Submitted to: Journal of Helminthological Society of Washington
Publication Type: Peer Reviewed Journal
Publication Acceptance Date: December 15, 1997
Publication Date: N/A
Interpretive Summary: Plant-parasitic nematodes are microscopic worms that destroy plant roots and cause an eight-billion-dollar annual loss to U. S. agriculture. The lesion nematode is the third most important agriculturally damaging nematode, and it occurs in most locations of the U. S. New methodology for nematode control is needed because previously effective nematicides have been taken off the market due to their persistence and potential for ground-water contamination. In this investigation, ARS scientists and a collaborator from Germany have utilized the power of electron microscope to obtain new information on the structure of nematode glands that produce secretions that enter host cells, cause damage, and reduce the yield of a wide range of crop plants. The results may provide a better understanding of nematode-plant interactions that may lead to better control strategies. Therefore, the results will be used by ARS, university, and private sector scientists in developing new methods of controlling nematode damage.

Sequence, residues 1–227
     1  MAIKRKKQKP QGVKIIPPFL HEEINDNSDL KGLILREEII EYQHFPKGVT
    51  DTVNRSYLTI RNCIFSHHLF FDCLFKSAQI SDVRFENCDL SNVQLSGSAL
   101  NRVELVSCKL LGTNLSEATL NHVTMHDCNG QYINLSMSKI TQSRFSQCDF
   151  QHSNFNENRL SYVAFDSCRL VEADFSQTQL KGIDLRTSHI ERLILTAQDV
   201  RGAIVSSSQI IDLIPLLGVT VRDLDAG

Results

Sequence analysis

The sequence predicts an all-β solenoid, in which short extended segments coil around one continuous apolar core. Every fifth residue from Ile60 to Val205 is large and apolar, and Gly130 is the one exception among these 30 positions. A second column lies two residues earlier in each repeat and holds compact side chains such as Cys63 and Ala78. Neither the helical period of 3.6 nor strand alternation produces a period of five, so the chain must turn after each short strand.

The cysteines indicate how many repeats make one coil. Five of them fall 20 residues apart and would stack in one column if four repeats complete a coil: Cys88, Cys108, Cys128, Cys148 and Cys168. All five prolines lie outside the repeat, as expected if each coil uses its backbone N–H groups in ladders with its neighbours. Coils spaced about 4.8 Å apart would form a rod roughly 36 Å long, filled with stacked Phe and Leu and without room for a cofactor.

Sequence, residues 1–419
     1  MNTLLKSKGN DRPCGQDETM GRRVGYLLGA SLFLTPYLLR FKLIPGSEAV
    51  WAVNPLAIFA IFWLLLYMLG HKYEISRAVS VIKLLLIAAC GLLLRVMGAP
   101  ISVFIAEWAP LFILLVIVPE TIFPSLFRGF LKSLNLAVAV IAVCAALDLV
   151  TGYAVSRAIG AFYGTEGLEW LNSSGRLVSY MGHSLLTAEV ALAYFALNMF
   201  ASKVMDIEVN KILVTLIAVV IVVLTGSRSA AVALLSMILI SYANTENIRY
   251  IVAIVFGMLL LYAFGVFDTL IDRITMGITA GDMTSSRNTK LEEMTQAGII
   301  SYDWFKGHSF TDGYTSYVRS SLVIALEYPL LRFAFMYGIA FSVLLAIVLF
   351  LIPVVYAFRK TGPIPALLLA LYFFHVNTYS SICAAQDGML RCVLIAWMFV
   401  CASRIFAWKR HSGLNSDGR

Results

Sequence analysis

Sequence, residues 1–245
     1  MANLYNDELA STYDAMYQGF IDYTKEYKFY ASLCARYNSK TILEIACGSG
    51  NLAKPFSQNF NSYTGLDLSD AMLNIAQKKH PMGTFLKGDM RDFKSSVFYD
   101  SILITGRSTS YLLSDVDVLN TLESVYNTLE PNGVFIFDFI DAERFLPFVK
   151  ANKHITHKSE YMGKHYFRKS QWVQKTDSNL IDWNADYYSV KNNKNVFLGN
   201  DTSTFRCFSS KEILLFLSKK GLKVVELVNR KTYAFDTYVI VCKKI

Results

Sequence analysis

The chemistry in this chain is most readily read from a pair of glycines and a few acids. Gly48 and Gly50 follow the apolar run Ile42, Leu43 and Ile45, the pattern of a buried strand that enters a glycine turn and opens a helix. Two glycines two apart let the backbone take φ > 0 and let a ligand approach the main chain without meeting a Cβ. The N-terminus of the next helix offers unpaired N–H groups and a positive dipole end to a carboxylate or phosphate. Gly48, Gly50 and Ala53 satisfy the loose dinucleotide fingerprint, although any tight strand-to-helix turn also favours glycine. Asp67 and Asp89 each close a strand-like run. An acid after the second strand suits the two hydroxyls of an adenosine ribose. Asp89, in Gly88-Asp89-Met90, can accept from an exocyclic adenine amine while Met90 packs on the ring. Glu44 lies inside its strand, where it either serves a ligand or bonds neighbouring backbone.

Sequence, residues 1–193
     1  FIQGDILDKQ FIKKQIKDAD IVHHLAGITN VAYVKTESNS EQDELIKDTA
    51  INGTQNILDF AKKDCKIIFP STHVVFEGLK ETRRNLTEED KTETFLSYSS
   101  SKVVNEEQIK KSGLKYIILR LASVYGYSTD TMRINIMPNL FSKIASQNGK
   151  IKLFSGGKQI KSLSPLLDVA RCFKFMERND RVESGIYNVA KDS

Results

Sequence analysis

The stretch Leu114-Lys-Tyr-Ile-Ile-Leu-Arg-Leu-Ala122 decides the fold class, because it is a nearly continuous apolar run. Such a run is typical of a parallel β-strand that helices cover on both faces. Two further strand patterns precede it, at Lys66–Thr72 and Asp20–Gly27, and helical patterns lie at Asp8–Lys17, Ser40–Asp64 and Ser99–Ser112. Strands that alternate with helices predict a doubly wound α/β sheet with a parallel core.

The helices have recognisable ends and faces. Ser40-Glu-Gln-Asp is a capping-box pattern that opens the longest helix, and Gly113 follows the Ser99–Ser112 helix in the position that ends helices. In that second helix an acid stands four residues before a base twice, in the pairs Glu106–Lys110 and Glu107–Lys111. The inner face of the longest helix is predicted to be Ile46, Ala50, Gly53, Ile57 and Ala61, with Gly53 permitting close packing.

Various stages of the lesion nematode Pratylenchus penetrans were observed using transmission electron microscopy (TEM) and low temperature scanning electron microscopy (LTSEM) to elucidate structural anatomy of the esophagus, intestine and reproduction system. In cross sections, the wall of the esophagus is circular through the procorpus and triradiate in the metacorpus where it is extendable as part of the metacorpus pump valve. A pair of esophageal lumen branches terminates as quadriradiate valves in subventral gland ampullae. The central lumen then extends posteriad to become part of the esophago-intestinal valve. The enlarged intestinal lumen is delineated by scattered evaginated membranes of the epithelial cells. The lumen may be occluded during non-feeding periods or when the intestine becomes compressed by the reproductive organs. Testes containing spermatocytes with membrane bound nuclei transform into amoeboid spermatids with electron opaque, non-membrane bound nuclei that are surrounded by fibrous bodies. Spermatozoa having irregular clumps of non-membrane bound chromatin and surrounding mitochondria as well as residual fibrous bodies were found in seminal vesicles and vas deferens of males and in spermathecae of female gonads. The ultrastructure of the male and female reproductive organs is compared to similar features observed with light microscopy and LTSEM.